New York Magazine (Vulture)'s Scores

For 2,323 reviews, this publication has graded:
  • 47% higher than the average critic
  • 2% same as the average critic
  • 51% lower than the average critic
On average, this publication grades 0.4 points higher than other critics. (0-100 point scale)
Average Movie review score: 63
Highest review score: 100 The Deep Blue Sea
Lowest review score: 0 The Human Centipede II (Full Sequence)
Score distribution:
2323 movie reviews
  1. Owen is a hugely engaging screen presence.
  2. The movie is a cunning piece of storytelling, but it’s thin.
  3. The result isn’t an all-the-feels, drown-us-in-tears kind of experience, but something rooted in wisdom and clarity. It’s the rare movie that can sacrifice the clean lines of fantasy and melodrama for the messiness of ordinary life — that neither burnishes nor condemns the up-down turmoil of the teenage soul, but rather lets it be.
  4. After seeing "Brokeback Mountain," with its sanctified couplings against a backdrop of purple mountain majesties, some of us felt that Ang Lee owed us a dirty movie with more bodily fluids. Lust, Caution is that movie--for maybe 10 of its 158 minutes. The rest of the film is absorbing, though.
  5. All in all, Frozen River is gripping stuff. Except it's also rigged and cheaply manipulative.
  6. Excruciatingly vivid.
  7. The movie is a broad ethnic comedy, but there’s nothing broad about the wicked-smart way it’s executed.
  8. Too much of this fantasy is filled out with artsy folderol, but it's a movie like no other--except, maybe, one by Guy Maddin.
  9. A lovely confection.
  10. Therein lies part of the dissonance with this often-wonderful, deceptively strange movie. You could get emotional whiplash watching it.
  11. The director of "Gallipoli" and "The Year of Living Dangerously" has muffled the rage and darkness of his best work in favor of an antiquated pleasingness. Master and Commander is a too-comfy classic.
  12. It’s both dumber and more entertaining than anyone had a right to expect.
  13. Tabloid is candy for voyeurs. We laugh like mad at a nut whose only mistake was being born in the last century, too early to have made real money.
  14. As uneven as Ridley Scott’s career; at times, it seems to be a journey through the director’s greatest strengths and weaknesses. The good news is that his strengths eventually win out; the bad news is all the awkward storytelling and botched character interactions we have to wade through to get to the good stuff. Once we do, though, Exodus is a hoot.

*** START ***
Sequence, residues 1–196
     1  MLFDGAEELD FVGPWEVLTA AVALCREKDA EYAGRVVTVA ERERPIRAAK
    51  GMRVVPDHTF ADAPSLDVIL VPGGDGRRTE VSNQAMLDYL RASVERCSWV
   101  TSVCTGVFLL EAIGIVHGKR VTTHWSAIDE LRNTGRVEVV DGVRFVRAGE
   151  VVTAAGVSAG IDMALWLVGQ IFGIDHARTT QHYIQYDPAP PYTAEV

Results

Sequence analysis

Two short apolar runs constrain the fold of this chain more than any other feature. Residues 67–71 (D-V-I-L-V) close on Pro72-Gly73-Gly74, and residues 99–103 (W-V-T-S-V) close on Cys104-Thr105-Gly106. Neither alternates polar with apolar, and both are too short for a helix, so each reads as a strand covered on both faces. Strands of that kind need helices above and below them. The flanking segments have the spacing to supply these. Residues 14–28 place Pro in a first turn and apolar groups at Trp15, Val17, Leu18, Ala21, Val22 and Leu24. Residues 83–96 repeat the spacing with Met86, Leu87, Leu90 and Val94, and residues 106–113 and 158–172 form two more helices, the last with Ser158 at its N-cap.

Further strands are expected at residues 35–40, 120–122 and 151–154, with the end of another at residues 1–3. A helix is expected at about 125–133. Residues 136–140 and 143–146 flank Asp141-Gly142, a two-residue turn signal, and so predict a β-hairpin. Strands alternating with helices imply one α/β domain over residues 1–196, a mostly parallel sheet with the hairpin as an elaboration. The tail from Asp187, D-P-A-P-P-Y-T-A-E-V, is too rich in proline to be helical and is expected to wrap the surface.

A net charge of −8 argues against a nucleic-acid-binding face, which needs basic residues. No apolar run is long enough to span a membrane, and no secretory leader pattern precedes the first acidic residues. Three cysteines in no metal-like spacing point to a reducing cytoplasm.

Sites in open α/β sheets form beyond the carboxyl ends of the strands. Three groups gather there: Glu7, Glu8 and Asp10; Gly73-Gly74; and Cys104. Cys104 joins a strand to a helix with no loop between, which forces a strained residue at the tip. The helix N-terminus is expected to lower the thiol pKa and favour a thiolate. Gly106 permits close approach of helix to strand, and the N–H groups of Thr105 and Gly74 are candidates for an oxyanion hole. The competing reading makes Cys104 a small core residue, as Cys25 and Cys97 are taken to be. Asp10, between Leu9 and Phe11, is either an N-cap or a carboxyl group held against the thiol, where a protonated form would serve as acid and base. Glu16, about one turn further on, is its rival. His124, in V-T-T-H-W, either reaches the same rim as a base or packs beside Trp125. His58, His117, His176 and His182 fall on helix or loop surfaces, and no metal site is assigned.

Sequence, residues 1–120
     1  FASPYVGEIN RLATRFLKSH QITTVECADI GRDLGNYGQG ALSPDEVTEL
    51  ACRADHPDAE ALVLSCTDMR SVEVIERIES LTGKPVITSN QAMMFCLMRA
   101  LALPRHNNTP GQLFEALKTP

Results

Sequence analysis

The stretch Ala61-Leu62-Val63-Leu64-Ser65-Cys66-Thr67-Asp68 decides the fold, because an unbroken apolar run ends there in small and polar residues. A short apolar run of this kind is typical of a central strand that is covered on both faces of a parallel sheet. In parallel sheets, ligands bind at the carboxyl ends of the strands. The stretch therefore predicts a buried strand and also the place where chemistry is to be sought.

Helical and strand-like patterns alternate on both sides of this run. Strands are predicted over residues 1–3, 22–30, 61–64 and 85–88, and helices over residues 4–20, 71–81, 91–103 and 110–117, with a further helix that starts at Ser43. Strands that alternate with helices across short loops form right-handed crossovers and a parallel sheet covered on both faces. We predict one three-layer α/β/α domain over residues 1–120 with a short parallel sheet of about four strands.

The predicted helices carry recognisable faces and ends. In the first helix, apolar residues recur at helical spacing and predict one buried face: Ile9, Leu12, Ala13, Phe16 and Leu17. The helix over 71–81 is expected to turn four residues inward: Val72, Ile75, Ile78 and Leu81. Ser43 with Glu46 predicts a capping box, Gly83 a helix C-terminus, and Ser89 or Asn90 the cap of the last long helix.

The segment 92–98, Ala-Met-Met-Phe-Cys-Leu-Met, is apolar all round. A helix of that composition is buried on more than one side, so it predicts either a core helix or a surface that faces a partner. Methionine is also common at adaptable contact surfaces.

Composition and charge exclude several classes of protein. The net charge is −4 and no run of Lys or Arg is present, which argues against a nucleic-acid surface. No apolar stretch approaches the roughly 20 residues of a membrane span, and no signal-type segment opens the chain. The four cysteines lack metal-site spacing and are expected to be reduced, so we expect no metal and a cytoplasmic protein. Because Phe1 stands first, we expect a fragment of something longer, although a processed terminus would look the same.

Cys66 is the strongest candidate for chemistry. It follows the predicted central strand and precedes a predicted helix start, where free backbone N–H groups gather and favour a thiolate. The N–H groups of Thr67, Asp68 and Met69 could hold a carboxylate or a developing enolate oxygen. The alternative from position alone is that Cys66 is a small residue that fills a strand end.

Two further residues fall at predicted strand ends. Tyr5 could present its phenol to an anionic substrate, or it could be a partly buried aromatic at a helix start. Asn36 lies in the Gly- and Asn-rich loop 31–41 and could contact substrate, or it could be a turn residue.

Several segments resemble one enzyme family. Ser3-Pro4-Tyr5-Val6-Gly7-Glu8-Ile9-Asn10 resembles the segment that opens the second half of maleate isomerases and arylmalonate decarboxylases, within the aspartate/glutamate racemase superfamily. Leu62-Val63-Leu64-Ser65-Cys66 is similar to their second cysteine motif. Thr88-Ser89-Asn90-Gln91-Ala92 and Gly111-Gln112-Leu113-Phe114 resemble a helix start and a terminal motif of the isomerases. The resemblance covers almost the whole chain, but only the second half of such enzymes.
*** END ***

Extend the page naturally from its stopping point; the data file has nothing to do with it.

15. At least this time "Goopy" Paltrow gets to perform a few superheroics herself, along with enduring some heavy-duty torture that’s bound to please her haters — for whom the sight of the top of her face being peeled off in "Contagion" was like Christmas in July.
  16. Uncle Boonmee is entrancing-and also, if you're not sufficiently steeped in its rhythms, narcotizing.
  17. Given that this retrograde memory loss has cleansed Doug Bruce's perceptions and made him an altogether more open and emotional person, Unknown White Male suggests that amnesia could be the ultimate chicken soup for the soul.
  18. As a narrative, it’s clunky. As a whodunit, it’s third-rate. As the drama of a closed-off man’s awakening, it’s predictable. But Haggis has got hold of a fiercely urgent subject: the moral devastation of American soldiers serving in (and coming home from) Iraq. At its heart are deeper mysteries--and a tragedy that reaches far beyond anything onscreen.
  19. Half the time in the mystical saga Youth Without Youth, I had no idea what the movie was about, but I always felt that the director and screenwriter, Francis Ford Coppola, did, and that he was deeply in tune--and having a hell of a time--with the material.
  20. The absurdity is what makes it such a hoot-and-a-half.
  21. Batmanglij keeps the movie even-keeled, full of medium close-ups, underscored by ambient plinks and shimmers, with nothing to break the trance until a last scene that upends everything we thought we knew.
  22. Begin Again is very funny, mostly because Ruffalo makes such an adorably rumpled drunken a--hole.
  23. Atonement works reasonably well as a tragic romance, but that sting is dulled. As a book, it was a blow to the head; as a movie, it’s an adaptation of a book.
  24. Menzel’s touch is sprightly, lyrical, mischievously understated.
  25. Taking pretty much every rom-com trope and distilling it into highly concentrated ridiculousness, Wain’s film is both a takedown and a tribute: As with his summer-camp-movie spoof "Wet Hot American Summer," you walk away with a renewed love for the genre.
  26. At times, I found myself wishing Berg focused more on Brower and Krakauer’s investigations and given the film a more present-tense narrative. This is a fascinating movie, but there’s a lot to cover here, and one can occasionally feel lost amid all the strands.
  27. Adam Shankman's movie of the Broadway Hairspray gets better as it lumbers along, but there’s something garish about its hustle--it’s like an elephant trumpeting in your face.
  28. The biggest disappointment is the role that Baumbach wrote for Charles Grodin — his juiciest in many years but with only one or two laugh lines. If nothing else, I wanted Grodin to kick Stiller’s butt across the screen for desecrating the name of "The Heartbreak Kid."
  29. The film is wrenching all the same, and subtle enough in its portrait of the four major grown-up characters to qualify as Jamesian.
  30. The Keeping Room is slow and rather arty, with a chamber-music (plus harmonica and fiddle) score and cinematography that shrouds the faces in shadow. But it’s a fine piece of storytelling and earns its look and feel.

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